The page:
Monday morning. Only four more days of school before the four-day Bayram holiday! I am in great spirits.
Four boys are waiting for me outside the classroom. Right away I'm suspicious: these kids are ultra lazy. They've got a furtive look about them too; I know from experience that if they had thought bubbles over their heads they would read Let's ask her and see.
"Teacher, Bayram," Mustafa says, thrusting out his chest and striking a confident pose. Mustafa is the strongest speaker here, the one-eyed-king in the land of the blind. He has obviously been chosen Designated Speaker as a result of his superior communicative skills.
"Yes, Bayram," I say enthusiastically, playing along. Only four more days of teaching before our four-day break!
"Bayram Muslim holiday," Mustafa continues, right on my tail as I push open the door.
"Yes, Bayram is a Muslim holiday." I love playing dumb. The way I see it, this job is tough enough as it is -- let me have some fun. Plus, I've got good pedagogical reasons for letting this play out slowly: language is all about communication and these boys have something they truly want to communicate. They more they get, the better.
"Very busy." Mustafa thumps his chest, then gestures meaningfully around the group by way of providing a subject.
"Yes, we are all certainly very busy," I say, setting my CD player on the desk. "Especially since we have three units to cover in a very short time. Could you plug this in for me?"
I can see the other boys watching Mustafa like cats watch a fish tank. Their thought bubbles would read Please oh please oh please.
"Many preparation," Mustafa puts in desperately. "Shopping."
"Yes, I know. It's a good thing we have Friday off, isn't it?"
"Teacher please no class today," Mustafa says, finally cutting to the chase.
"Muslim holiday!" puts in Ersoy, practically stepping on my feet. He has been hovering anxiously, unable to compete with Mustafa linguistically, but clearly frustrated that I have not been persuaded by Mustafa's arguments.
I roll my attendance sheet into a baton and whack the side of my desk. "Muslim holiday," I repeat. "And you are all good Muslims? You pray in the mosque every Friday?" This is mean of me, but I can't help it: no way do they go to the mosque every Friday. I've smelled alcohol on their breath before and I know a few of them have come to my class with hangovers. And let's not even talk about lying.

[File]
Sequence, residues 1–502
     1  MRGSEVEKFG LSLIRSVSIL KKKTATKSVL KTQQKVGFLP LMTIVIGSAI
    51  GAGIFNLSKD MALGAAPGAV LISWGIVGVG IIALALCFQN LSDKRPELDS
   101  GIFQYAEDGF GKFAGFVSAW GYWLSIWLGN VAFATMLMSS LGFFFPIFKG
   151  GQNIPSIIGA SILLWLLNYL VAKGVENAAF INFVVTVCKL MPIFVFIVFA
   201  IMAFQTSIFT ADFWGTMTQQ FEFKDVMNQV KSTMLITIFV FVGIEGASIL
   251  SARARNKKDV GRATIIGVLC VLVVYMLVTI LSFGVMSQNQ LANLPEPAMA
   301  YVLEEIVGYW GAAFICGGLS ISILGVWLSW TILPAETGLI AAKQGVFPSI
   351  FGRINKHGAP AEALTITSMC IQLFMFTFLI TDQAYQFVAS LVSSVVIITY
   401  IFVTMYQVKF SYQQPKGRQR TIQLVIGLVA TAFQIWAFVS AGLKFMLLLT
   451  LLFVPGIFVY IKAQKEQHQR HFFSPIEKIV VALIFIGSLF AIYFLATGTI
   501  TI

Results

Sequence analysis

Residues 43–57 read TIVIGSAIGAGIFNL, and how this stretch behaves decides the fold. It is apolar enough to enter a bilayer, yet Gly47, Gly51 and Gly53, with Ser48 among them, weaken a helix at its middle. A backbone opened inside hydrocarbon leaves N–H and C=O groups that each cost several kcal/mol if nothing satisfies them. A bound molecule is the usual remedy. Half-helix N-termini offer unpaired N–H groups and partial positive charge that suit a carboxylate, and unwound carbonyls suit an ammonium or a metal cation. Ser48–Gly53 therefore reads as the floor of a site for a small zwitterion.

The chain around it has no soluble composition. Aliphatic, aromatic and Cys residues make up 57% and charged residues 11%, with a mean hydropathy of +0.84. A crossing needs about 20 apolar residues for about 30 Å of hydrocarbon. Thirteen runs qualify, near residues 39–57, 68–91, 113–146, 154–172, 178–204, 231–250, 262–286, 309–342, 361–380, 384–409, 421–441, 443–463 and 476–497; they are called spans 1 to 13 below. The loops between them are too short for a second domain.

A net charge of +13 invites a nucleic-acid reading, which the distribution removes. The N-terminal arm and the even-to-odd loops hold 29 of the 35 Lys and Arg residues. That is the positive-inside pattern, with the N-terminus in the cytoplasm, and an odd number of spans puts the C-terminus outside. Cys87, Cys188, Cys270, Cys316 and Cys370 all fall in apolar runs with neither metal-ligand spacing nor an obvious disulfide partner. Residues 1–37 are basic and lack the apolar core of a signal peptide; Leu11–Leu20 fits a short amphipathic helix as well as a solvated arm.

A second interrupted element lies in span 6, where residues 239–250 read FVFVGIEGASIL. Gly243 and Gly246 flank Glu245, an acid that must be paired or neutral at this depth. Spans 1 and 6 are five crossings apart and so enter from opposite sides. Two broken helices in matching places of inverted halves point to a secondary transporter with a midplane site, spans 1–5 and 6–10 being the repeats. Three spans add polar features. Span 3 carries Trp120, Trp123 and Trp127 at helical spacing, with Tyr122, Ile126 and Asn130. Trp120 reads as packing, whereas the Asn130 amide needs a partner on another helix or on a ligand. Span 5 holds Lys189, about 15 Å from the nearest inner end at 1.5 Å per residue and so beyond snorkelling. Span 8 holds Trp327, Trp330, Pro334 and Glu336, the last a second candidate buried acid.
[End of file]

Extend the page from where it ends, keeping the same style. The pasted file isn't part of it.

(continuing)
Mustafa has to translate. A few of the boys nod, but they won't meet my eyes.
"Okay, then," I say, an idea suddenly forming in my mind. "Who can tell me what the five pillars of Islam are?" They stare at me, confused.
"If you can tell me the five pillars of Islam, in English--" I pause for effect "--you can go home early to get ready for Bayram."
I know I'm safe here: not even Mustafa could manage this. These boys never study. If one of them were capable of explaining the five pillars of Islam, I'd immediately let him go home: with English that good, an afternoon off wouldn't set him back. And for him to have attained that level, he'd have had to work hard. I respect hard-working students. Smart kids impress me far less than diligent ones. I respect honest kids too. So if anyone tries to play the religious card with me, they had better play it well -- and truthfully.
"The five pillars of Islam?" I say, raising an eyebrow. "Can anyone tell me?"
Their faces radiate confusion. You'd think five and Islam might clue them in, but no.
Mustafa clasps his hands and bows. "Five times?" he says, his eyes pleading.
I shake my head. "Praying five times a day is only one of them. Come on, I'll help you out. The last one is hajj in Arabic."
Now at least they know what I'm talking about. While I take attendance, every boy in the little group does his best to come up with the three remainining pillars of Islam, recruiting some of the smarter students (i.e., girls) to help as soon as they enter the classroom. A few of them mime sacrificing a sheep and distributing the meat (part of the duty of Zakat, or charity), but this is as close as they get. Last term, I had six kids out of three dozen who claimed to regularly attend mosque. They might have managed the five pillars of Islam, but the kids I've got this term could sooner fly to the moon.
Tough love, I tell myself as they all take their seats with glum faces, their vision of a delightfully English free day so much vapor. Teaching is going to be tough today. Still, only four more days!
On the board, I write the five pillars of Islam. (It pays to have an inquiring mind. And a husband who teaches in an international school.)
Shahadah -- Declaration of faith (From my students I'd have accepted 'There is only one God'.)
Salah -- Prayer (from my students I'd have accepted 'Pray five times a day'. Heck, I'd even have allowed hand gestures and 'five'.)
Zakat -- Charity (From my students I'd have accepted 'Giving money to poor people'.)
Saum -- Fasting during Ramadan (From my students, 'Not eating' would have been fine. If anyone had used the word 'fast' without consulting a dictionary, I'd have been tempted to give him the whole week off.)